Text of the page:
The Scapular (shoulder blade)

Optimal positioning of the scapula can minimise stress placed upon the glenohumeral joint by optimising your rotator cuff activation allowing smooth movement. As such specific closed chain exercises like the low row are great for keeping some important muscles around the scapula (lower fibres of trapezius & serratus anterior) in check that facilitate good scapula position. This is unfortunately something that is difficult to self assess and becomes more and more complex the more you look into it, as such this is something that if you are concerned, it is worth getting someone who knows what the are talking about to take a look for you.
Guest Blog: Swimming – making it to the start line Injury Free
Guest Blog: Swimming – making it to the start line Injury Free
Specifically within swimming (and to reference another Kibler study) fatigue of these muscles is very poignant within swimmers and cause a positional alteration of the scapular, as such, training of both high rep/ low weight, and low rep/high weight exercises are advisable to maximise endurance. Being aware of your training regime, incorporating recovery weeks and mixing up the intensity of your training is essential.

Thoracic Spine

Mobility of the thoracic spine is again essential not just for swimming but all triathletes because of the amount of time spent exercising and the invariable stiffness that you feel after a long cycle/run/swim session.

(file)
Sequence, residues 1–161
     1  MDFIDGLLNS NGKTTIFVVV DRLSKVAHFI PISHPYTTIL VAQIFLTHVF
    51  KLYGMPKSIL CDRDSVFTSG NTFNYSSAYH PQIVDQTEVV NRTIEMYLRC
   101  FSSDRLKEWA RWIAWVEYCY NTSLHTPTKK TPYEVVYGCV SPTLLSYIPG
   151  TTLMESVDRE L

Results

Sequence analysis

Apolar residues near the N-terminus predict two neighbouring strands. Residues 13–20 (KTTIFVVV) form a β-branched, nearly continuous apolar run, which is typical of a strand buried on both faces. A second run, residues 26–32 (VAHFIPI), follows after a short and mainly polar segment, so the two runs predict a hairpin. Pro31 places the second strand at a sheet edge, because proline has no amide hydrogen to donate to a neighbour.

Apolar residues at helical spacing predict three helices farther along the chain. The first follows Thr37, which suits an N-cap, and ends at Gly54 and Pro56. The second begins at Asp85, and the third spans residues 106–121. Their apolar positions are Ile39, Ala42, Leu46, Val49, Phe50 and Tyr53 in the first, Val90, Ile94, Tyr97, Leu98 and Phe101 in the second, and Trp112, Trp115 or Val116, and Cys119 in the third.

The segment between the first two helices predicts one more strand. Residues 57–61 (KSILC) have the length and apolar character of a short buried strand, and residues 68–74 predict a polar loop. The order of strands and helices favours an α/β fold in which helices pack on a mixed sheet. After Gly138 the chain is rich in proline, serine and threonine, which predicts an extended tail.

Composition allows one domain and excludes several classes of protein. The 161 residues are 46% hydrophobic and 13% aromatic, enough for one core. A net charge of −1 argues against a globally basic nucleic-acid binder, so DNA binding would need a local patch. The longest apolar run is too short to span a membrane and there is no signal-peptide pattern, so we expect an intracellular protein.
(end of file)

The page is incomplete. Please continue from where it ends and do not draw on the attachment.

As such one of the simplest exercises I use is the rolled up towel techniqueÂ...
Guest Blog: Swimming – making it to the start line Injury Free
Easy to do and can save you untold trouble, particularly those of you that work in office environments for more than eight hours a day.

Make sure you have the available movement

Finally, mobility of the shoulder is essential, specifically internal rotation of the shoulder; having a limitation of this internal rotation is a pretty decent prognostic factor for people developing a shoulder problem. As such, donÂ't be part of a statistic and maintain your normal movement.

In Swimmers and throwers, training schedules and repetitive motions of this kind can cause you to lose this rotation, if you would like to read further about this loss of movement it has been conceptualised and is called Â'GIRDÂ' (Glenohumeral Internal Rotation Deficit)

I have followed the below exercise commonly called Â'sleeper stretchÂ' to maintain this movement:
Guest Blog: Swimming – making it to the start line Injury Free
If you have found the application of these exercises useful. If have any questions or would like a reference above that of which I have provided please donÂ't hesitate to get in touch.

Just to cover myself legally all of these exercises are just a documentation of what I have used as a decent injury prevention programme and should in no way be used as a treatment for any shoulder pain without consulting a professional first.
woodsey96by member: woodsey96, Aug 9th 2013 14:47
Good blog and something all athletes (not just triathletes) should bear in mind - these exercises are good for healthy mind, body and life, not just to improve swimming and shoulder based exercise.
On the flipside, the only way swimming repetitive motions will decrease the mobility in the shoulders is if you only do 1 movement (i.e. freestyle). By encouraging yourself to do backstroke or breaststroke, as part of a warm up, recovery, or even in an endurance aerobic set, you increase the range of motion available to the joint and muscles. As an extra, it assists with that elusive feel for the water and it breaks up the monotony of solely doing freestyle all the time!